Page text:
Project management is definitely no stranger to mistakes and failures. Not only that, but these mistakes can be quite costly: according to Gartner, half of projects that fail have a budget of over a million dollars.
So, we shouldn’t assume that the biggest fails in project management are always due to lack of funds. There are also other factors that can turn an innovative and exciting project into a real-life nightmare for everyone involved.
In the following paragraphs, we’re bringing you some of the top mistakes made in project management coupled with examples when they happened on a big scale.
The total exposure to risk (primarily financial) is a very important piece of the whole pie that we call project management. Every project manager knows that it’s optimal to find a golden mean between risk exposure and possible rewards, but many became blind to it, mostly because of overconfidence.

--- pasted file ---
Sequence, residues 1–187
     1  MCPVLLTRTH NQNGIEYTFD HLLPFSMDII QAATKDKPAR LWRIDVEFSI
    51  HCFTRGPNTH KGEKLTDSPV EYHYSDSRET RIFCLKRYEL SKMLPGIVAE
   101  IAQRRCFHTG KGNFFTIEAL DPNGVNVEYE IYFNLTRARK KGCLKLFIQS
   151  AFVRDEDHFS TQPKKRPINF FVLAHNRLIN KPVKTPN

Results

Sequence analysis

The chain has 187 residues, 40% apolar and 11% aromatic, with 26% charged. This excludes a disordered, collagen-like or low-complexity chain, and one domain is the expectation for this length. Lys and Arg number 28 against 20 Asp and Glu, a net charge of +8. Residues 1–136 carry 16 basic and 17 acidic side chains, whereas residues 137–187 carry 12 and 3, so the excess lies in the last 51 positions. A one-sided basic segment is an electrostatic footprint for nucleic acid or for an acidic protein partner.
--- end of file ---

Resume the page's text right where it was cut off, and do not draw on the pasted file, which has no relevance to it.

When we talk about risk exposure, we usually think of Wall Street guys, hedge fund managers and financial institutions. Case in point: Bill Ackman, a fund manager who claims to have bet over 1 billion dollars that Herbalife will fail – after the company proved to be successful for years.
Now, is there a possibility to be too exposed to risk in project management in products or services industries? Absolutely. It’s possible to make this PM mistake in any industry that exists today.
“In order to prevent mistakes to arise from high-risk exposure, make sure you and your project managers collaborate with other departments within the company. This way, they will balance each other out and find an optimal level of business risk exposure”, says Phillip Mayerson, a project manager at BeGraded.